The Friday Letter Archive

A collection of the president's weekly messages to the Vandal family


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Friday Letter 2016-02-19:
Our Home in Idaho Falls and Southeastern Idaho

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February 19, 2016

Dear Friends,
In the early 1950s, the first lights powered by nuclear technology flickered to life in the desert of southeastern Idaho. The region has grown and thrived ever since, and the University of Idaho has played a key role in that development. In Idaho Falls and southeastern Idaho (link) , UI carries out an ambitious and exciting research agenda, in partnership with organizations such as the Idaho National Laboratory and others. We also provide an array of educational opportunities, especially advanced education, and engage with communities through our Extension network.

The Center for Advanced Energy Studies (CAES) (link) is a unique facility in Idaho Falls, promoting research that seeks solutions for renewable energy and training the next generation of experts. In partnership with the Idaho National Laboratory, UI is a leader among four institutions that come together to offer timely and innovative research, education and policy resources that have impact and benefits for our state. For example, the competitive Frontier for Research in Geothermal Energy (FORGE) (link) grant examines the feasibility of establishing a geothermal laboratory in Idaho — a potentially very valuable resource for the entire region’s energy future. The Food, Water and Energy (FEW) nexus is also an important upcoming area of research, looking at the criticality of those resources in a changing world.

In most of these endeavors, the Idaho National Laboratory is a key player. The INL is a research and economic success story in the high plains of southeastern Idaho, and UI is proud to be an active partner in their efforts. Nuclear engineering is central to the work at UI-Idaho Falls. Rich Christensen joined UI in September as the director of nuclear engineering. With decades of experience at Ohio State University, Christensen and his team are fostering collaboration and responsiveness to industry needs, as they study everything from small nuclear reactors, to heat exchange, to the safety of nuclear systems and hybrid nuclear systems. We also serve the needs of the workforce in the region, including INL, offering their employees (and others) bachelor’s degrees in industrial technology and environmental science and master’s and doctoral-level education in multiple engineering and science-related disciplines.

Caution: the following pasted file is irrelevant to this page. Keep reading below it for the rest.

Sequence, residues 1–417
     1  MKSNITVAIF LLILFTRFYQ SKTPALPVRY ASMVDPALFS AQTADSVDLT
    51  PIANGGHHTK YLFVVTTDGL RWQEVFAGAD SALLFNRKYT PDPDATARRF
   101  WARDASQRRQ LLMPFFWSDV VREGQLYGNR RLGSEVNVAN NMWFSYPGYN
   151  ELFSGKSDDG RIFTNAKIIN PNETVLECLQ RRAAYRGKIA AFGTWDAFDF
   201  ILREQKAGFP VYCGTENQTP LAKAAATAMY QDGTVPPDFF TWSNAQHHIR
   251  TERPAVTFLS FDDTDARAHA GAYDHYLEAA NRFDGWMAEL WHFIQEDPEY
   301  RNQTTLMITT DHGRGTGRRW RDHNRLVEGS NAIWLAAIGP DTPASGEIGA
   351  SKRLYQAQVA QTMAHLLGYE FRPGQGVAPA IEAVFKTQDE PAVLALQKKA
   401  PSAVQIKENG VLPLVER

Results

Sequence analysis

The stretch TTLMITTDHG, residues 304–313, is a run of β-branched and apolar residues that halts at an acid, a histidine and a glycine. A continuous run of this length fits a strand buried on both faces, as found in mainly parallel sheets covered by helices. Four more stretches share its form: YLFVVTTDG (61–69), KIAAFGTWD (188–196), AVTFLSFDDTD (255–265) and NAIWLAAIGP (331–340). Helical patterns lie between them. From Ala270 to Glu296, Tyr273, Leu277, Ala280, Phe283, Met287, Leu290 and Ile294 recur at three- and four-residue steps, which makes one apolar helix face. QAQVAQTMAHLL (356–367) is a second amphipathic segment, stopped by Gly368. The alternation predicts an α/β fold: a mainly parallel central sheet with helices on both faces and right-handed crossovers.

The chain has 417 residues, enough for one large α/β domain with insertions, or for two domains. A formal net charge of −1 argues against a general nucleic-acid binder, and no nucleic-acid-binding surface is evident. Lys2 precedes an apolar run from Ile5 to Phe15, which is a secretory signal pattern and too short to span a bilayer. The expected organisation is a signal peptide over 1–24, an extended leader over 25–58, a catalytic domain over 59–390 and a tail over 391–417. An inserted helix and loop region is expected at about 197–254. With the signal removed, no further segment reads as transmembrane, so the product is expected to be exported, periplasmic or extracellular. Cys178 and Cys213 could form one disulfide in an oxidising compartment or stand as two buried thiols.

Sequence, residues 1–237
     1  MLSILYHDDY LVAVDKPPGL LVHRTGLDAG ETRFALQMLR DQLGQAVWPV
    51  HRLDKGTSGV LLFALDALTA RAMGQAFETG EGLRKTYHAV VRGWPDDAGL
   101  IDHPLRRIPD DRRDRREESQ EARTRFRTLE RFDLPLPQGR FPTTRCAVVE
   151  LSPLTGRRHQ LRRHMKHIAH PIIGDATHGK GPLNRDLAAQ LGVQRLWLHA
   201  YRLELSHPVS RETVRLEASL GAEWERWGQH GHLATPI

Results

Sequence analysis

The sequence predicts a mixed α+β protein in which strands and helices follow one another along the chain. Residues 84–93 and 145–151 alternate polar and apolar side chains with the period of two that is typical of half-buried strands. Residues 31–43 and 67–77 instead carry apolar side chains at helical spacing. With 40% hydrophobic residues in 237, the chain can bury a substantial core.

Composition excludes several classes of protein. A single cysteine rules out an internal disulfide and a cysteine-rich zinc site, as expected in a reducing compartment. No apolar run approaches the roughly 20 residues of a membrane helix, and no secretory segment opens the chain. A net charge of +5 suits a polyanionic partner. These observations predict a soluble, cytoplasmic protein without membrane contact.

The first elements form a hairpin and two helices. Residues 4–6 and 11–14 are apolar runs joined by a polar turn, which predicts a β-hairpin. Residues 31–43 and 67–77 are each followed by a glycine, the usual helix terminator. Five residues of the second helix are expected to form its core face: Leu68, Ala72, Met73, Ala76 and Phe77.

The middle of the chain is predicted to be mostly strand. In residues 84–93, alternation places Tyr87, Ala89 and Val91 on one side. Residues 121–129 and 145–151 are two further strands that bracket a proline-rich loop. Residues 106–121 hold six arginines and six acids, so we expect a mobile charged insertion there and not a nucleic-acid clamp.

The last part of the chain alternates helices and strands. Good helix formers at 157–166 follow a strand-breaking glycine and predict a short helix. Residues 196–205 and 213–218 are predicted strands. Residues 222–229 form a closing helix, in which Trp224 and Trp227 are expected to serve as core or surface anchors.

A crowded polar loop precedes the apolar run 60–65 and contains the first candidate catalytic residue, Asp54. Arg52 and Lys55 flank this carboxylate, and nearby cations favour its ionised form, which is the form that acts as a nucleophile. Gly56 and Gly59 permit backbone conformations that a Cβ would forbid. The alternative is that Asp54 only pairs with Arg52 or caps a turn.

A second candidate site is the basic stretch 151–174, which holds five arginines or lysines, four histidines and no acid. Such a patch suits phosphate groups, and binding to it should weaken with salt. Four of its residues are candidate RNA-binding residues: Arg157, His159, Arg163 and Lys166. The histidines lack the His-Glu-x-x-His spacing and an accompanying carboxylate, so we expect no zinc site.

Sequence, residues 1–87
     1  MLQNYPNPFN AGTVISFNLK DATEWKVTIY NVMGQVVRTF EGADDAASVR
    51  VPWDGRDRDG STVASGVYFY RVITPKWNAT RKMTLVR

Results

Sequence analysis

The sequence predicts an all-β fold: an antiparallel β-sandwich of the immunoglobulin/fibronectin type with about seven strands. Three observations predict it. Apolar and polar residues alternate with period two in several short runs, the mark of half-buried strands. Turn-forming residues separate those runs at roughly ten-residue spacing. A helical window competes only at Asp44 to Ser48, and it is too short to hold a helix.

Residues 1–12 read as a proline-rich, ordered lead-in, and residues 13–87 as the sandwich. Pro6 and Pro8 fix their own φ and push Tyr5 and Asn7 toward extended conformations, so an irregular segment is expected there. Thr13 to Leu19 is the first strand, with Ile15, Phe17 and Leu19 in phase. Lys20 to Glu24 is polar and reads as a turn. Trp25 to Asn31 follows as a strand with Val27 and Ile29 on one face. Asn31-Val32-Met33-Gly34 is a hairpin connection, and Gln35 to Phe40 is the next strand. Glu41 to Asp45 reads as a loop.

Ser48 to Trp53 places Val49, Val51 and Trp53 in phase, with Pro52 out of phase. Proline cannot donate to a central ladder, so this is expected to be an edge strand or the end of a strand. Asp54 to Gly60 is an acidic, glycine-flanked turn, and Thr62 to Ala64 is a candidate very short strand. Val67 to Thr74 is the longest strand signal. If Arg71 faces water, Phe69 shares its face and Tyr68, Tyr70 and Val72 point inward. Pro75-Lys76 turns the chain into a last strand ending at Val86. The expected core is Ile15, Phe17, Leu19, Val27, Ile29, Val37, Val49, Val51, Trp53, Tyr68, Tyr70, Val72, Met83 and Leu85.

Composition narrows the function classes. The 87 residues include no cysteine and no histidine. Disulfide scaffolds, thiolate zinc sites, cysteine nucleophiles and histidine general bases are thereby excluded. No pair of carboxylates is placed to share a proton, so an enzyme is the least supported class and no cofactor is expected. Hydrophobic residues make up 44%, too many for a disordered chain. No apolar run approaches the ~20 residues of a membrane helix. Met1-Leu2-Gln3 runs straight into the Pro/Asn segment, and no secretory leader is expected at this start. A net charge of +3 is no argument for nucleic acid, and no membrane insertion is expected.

Computer science is an area of excellence in southeastern Idaho. We have outstanding faculty in this area, including joint appointments with INL, who are seeing the needs of industry firsthand and are able to bring that perspective to students. New faculty member Michael Haney’s background in cybersecurity enables research collaboration with INL employees and gives students the best possible training they’ll need to take to employers, helping industry stay ahead of the game in this critical space.

We’re lucky to have the leadership of Executive Officer Marc Skinner at UI-Idaho Falls. Marc had previously worked at UI before serving as a faculty member and administrator at BYU-Idaho. He rejoined the Vandal family last summer, having forged great connections in the community and an understanding of the region’s educational offerings and needs. He’s involved with regional economic development, and recognizes how fast-growing and dynamic the region is — and how UI can serve that continued success. I’m excited about seeing the direction he’s able to take our research and education.

Lastly, I want to highlight our community engagement in southeastern Idaho. Through Extension, UI meets community needs in places like the Fort Hall Reservation, developing leaders there and across the region through programs such as 4-H. This is the often unseen work that is part of everyday life in town after town. We also recently hosted a community concert in Idaho Falls with the Lionel Hampton School of Music’s Jazz Band, Wind Ensemble and Idaho Brass Quintet. More than 500 people, including area high school students, attended the concert.